Menelaus from 3D

Invocation of 3D imagery often serves a powerful tool in proving theorems of plane geometry. Farther down the page there are links to several demonstrations of this idea. On November 28, 2010, Hubert Shutrick had a vision that rendered a one-liner proof of Menelaus' theorem.

Menelaus' theorem

Let three points F, D, and E, lie respectively on the sides AB, BC, and AC of ΔABC or their extensions. Assume just one or all three of the points lie on side extensions. Then the points are collinear iff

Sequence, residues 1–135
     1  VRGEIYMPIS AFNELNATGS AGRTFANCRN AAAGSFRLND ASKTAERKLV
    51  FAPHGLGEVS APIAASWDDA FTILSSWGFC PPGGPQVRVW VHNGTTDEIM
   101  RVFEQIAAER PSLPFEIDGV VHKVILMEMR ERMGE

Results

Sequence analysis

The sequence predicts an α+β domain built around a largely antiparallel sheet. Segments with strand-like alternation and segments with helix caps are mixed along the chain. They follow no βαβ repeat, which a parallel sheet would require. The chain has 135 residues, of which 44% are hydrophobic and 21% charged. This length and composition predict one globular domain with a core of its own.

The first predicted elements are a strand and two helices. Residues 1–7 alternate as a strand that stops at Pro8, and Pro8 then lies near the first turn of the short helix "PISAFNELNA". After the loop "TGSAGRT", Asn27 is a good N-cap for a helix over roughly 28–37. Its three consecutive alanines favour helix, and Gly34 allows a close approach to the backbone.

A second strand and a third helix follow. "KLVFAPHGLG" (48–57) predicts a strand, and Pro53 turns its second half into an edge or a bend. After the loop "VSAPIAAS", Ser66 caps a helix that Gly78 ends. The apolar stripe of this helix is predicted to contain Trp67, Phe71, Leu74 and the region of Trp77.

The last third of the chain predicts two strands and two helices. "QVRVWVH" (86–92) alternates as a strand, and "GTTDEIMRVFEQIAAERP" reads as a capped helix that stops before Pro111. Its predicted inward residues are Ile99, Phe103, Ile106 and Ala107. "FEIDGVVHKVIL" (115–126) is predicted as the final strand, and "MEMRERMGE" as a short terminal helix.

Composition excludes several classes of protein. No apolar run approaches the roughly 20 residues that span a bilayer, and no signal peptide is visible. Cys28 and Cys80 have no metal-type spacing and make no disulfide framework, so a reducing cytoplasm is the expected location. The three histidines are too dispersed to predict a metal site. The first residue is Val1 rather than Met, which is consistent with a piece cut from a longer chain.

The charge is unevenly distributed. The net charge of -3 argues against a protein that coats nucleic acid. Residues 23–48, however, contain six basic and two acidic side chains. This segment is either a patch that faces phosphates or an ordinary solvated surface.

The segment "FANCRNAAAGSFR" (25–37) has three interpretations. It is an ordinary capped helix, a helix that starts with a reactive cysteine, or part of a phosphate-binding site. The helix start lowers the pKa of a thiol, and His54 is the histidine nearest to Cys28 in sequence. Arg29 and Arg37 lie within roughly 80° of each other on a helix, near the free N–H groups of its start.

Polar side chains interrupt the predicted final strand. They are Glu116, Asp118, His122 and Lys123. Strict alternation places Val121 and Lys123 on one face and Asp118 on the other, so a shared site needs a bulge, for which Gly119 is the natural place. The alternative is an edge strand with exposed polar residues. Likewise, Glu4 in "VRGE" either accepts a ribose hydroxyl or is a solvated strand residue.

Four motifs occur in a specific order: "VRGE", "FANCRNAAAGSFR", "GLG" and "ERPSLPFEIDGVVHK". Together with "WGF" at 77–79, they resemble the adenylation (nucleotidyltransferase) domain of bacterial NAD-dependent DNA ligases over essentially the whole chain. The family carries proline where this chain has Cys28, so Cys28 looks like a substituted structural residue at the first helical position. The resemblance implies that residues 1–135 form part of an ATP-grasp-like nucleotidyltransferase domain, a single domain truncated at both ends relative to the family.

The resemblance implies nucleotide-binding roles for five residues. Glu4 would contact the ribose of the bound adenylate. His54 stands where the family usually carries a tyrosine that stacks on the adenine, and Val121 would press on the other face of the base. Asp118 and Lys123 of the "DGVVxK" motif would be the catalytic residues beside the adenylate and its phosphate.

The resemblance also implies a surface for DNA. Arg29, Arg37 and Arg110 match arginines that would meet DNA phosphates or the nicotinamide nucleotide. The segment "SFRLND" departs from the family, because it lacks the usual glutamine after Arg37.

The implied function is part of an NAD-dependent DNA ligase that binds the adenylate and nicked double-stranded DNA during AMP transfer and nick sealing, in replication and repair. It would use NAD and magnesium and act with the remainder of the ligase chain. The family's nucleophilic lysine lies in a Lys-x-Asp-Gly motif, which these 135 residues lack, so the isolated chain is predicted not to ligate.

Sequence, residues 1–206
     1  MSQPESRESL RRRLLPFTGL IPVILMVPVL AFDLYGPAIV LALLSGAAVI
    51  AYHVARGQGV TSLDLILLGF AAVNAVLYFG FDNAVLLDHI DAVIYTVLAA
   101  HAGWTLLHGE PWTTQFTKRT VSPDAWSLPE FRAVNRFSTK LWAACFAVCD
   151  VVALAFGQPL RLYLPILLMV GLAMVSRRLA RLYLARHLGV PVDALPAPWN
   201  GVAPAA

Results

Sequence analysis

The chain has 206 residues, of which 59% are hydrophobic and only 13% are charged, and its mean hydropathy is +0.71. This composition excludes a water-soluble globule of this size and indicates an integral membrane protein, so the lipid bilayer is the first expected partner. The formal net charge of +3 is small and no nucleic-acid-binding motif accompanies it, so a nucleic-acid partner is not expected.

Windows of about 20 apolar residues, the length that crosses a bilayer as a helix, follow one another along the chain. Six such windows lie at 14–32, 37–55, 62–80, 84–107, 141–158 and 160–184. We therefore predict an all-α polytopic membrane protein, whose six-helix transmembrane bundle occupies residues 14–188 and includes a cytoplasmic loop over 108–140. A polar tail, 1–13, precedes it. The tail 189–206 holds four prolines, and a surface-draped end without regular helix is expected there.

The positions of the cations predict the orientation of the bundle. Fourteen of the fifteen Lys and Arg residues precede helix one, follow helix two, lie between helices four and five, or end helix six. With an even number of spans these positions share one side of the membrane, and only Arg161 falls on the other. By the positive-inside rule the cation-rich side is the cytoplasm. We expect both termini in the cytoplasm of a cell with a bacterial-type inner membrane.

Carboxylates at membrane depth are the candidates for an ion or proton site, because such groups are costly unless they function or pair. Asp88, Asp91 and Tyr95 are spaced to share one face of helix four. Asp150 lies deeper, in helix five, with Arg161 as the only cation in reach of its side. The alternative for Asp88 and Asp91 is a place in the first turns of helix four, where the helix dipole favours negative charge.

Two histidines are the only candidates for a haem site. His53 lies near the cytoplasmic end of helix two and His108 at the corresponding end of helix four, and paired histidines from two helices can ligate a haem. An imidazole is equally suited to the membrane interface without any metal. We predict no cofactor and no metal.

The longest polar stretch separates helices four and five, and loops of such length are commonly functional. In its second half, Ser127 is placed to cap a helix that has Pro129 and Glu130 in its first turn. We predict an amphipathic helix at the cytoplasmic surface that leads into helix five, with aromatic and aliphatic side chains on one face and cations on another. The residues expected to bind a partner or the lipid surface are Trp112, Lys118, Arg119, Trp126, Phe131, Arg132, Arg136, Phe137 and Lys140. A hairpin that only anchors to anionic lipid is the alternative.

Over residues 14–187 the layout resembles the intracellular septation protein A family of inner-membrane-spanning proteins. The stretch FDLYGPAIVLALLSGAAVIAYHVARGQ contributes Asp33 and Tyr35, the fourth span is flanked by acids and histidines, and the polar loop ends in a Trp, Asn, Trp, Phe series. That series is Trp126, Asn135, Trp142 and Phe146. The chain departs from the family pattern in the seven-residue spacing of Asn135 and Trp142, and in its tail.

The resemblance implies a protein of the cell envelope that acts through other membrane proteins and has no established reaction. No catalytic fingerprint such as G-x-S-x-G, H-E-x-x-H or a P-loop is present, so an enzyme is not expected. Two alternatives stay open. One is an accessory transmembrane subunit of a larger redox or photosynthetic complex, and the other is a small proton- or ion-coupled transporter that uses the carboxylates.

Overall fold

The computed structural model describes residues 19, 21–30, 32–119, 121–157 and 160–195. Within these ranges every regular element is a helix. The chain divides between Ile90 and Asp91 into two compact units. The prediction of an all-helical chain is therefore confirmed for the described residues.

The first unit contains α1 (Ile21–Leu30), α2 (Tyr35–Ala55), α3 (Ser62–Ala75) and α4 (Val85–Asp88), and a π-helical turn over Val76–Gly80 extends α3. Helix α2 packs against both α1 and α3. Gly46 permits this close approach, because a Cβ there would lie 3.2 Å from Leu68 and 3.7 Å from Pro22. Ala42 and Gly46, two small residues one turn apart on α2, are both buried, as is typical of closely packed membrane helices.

AF

BF
·
BD

CD
·
CE

AE
= 1

Proof (Hubert Shutrick)

Put up a flagpole AA' orthogonal to the plane and let B' and C' be the points where the orthogonal lines through B and C meet the plane A'DEF. If the heights of the verticals are ha, hb and hc, possibly negative, then similar vertical right triangles give

ha/hb = AF/BF, hb/hc = BD/CD and hc/ha = CE/AE

which, when multiplied together, produce exactly the required identity.

Conversely, assume Menelaus' identity holds. Erect AA' and consider the plane A'EF. Define B' and C' as before, and D' the intersection of B'C' with BC. Then

ha/hb = AF/BF, hb/hc = BD'/CD' and hc/ha = CE/AE.

Comparing the product of the three with Menelaus' identity shows that BD'/CD' = BD/CD, implying D = D' and, subsequently, the collinearity of D with E and F.

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